In an age of heavy bullpen usage, complete games are rare. Shutouts are even more rare. Complete game shutouts with fewer than 100 pitches have always been rare. So rare, in fact, that a friend of HardballTalk — Jason Lukehart — has invented a fun stat called “The Maddux,” to memorialize the feat.
How about a complete game shutout with only 81 pitches? That’s pretty rare too, but Kyle Hendricks of the Cubs just tossed such a game this afternoon, beating the St. Louis Cardinals 4-0.
In so doing, Hendricks became the first dude in nearly seven years to throw a nine-inning shutout with so few pitches. Aaron Cook of the Red Sox needed 81 to beat the Mariners on June 29, 2012. Hendricks’ was just the eighth nine-inning shutout with 81 or fewer pitches since they began keeping track of pitch counts in 1988.
Even more insane is that Hendricks not only did it efficiently, he did it slowly:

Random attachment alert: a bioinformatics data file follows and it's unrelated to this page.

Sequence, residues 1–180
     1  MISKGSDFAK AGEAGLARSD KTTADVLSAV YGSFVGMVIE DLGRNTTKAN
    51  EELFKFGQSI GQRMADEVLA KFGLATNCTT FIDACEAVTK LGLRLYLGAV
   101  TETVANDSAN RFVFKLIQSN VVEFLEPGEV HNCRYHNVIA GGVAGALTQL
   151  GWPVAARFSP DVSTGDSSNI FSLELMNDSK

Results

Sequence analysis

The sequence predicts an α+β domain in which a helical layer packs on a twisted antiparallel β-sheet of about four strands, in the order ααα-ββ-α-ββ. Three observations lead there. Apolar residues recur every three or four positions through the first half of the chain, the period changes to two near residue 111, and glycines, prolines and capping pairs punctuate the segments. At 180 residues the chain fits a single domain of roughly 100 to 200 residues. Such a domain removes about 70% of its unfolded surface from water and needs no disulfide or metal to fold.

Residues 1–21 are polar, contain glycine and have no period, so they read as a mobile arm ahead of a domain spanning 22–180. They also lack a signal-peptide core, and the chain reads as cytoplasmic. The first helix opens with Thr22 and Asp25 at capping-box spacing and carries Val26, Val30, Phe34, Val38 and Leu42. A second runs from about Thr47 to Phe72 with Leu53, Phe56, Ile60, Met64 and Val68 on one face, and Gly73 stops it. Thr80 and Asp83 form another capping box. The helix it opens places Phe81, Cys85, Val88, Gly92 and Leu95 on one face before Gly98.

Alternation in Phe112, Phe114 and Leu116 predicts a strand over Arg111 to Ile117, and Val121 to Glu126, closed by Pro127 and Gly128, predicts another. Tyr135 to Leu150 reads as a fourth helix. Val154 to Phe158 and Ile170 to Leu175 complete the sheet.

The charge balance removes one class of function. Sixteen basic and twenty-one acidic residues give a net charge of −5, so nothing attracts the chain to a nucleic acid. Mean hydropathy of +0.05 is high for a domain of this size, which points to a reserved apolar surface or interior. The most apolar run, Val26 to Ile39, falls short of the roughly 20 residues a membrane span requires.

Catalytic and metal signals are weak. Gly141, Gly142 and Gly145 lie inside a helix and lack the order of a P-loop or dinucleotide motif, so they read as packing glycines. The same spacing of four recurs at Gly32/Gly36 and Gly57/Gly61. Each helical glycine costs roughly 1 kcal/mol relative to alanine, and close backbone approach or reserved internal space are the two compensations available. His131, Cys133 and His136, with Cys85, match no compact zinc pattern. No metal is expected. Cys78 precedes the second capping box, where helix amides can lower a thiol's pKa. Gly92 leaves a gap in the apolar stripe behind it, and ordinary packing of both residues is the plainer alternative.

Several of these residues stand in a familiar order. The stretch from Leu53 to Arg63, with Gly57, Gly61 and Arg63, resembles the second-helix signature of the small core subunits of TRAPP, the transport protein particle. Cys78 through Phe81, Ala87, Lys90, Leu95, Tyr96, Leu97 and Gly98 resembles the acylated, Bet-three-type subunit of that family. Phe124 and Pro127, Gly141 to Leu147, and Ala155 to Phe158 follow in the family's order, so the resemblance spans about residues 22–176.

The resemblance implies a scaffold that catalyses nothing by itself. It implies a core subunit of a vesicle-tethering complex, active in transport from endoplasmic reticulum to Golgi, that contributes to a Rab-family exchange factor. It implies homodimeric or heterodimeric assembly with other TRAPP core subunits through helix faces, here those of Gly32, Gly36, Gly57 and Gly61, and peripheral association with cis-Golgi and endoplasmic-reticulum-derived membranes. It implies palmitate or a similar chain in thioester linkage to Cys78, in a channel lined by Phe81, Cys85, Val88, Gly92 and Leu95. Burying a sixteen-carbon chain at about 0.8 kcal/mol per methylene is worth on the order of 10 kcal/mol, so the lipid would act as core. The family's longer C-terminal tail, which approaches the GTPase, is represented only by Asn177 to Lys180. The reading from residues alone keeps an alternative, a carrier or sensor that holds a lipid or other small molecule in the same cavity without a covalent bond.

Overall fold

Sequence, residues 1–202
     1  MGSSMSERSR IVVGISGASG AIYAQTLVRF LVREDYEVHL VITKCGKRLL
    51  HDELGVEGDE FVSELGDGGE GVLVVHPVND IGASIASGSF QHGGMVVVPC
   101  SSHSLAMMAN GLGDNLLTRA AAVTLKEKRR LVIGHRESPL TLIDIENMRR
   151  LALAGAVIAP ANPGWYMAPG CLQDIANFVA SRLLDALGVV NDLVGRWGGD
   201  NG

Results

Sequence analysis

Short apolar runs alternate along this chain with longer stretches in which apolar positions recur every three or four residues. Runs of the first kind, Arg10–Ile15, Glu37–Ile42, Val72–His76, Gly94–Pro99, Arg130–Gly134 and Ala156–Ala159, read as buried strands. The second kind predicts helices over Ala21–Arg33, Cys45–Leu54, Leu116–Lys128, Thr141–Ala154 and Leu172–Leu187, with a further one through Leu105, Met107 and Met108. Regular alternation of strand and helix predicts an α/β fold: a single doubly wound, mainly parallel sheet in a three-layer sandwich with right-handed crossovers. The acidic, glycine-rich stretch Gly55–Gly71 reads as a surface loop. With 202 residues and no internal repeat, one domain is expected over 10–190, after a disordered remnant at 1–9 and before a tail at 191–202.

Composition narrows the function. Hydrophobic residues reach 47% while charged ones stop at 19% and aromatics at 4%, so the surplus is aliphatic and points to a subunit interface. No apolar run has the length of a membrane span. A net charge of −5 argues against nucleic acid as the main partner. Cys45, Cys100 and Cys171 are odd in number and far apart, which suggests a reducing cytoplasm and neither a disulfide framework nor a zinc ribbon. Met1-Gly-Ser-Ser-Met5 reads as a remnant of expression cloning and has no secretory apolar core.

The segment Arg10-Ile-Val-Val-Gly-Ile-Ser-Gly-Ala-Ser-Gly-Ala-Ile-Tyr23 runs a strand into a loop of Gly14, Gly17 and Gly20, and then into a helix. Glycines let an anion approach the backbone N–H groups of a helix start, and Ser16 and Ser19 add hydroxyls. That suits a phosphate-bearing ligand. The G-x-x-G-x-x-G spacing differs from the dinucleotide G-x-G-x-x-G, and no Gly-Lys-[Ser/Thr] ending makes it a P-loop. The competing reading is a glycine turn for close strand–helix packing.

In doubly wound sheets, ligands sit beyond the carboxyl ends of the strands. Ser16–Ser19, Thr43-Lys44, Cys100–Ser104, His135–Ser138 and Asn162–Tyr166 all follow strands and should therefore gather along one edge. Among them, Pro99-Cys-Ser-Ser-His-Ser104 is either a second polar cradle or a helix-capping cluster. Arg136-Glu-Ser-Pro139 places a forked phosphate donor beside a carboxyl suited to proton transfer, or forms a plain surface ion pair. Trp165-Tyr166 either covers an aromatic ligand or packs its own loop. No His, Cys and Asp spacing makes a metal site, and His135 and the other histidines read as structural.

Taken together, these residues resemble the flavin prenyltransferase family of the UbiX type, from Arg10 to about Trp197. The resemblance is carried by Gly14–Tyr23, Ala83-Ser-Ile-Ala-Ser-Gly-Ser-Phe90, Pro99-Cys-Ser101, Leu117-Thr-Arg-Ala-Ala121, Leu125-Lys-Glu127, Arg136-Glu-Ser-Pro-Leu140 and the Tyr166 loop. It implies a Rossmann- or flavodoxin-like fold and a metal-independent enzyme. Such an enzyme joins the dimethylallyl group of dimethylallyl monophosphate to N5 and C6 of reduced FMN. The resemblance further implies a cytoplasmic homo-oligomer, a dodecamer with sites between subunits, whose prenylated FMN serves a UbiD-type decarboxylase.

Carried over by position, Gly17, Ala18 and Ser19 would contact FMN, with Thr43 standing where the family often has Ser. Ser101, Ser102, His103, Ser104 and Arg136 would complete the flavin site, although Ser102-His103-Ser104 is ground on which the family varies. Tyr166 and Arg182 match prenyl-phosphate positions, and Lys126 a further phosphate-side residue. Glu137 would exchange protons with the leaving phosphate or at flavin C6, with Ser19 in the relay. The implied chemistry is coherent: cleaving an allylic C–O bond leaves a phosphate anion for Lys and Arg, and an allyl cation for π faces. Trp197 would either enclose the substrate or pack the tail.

These days even the old coach throwing BP is sitting mid-90s, so maybe the Cardinals simply didn’t know how to hit such “gas.”
Hendricks surrendered only four hits along the way. He didn’t walk a batter. He only struck out three guys too, which is crazy in this day and age. But it also means fewer pitches, yes? And it’s not like the Cardinals sent out a crappy lineup today either. It was all their A-guys, as you would expect in the first game of a rivalry series between two teams battling for the NL Central title. They just got shut the heck down.
Work fast, throw strikes. It’s a formula that has worked for as long as there has been baseball. If only more guys did that.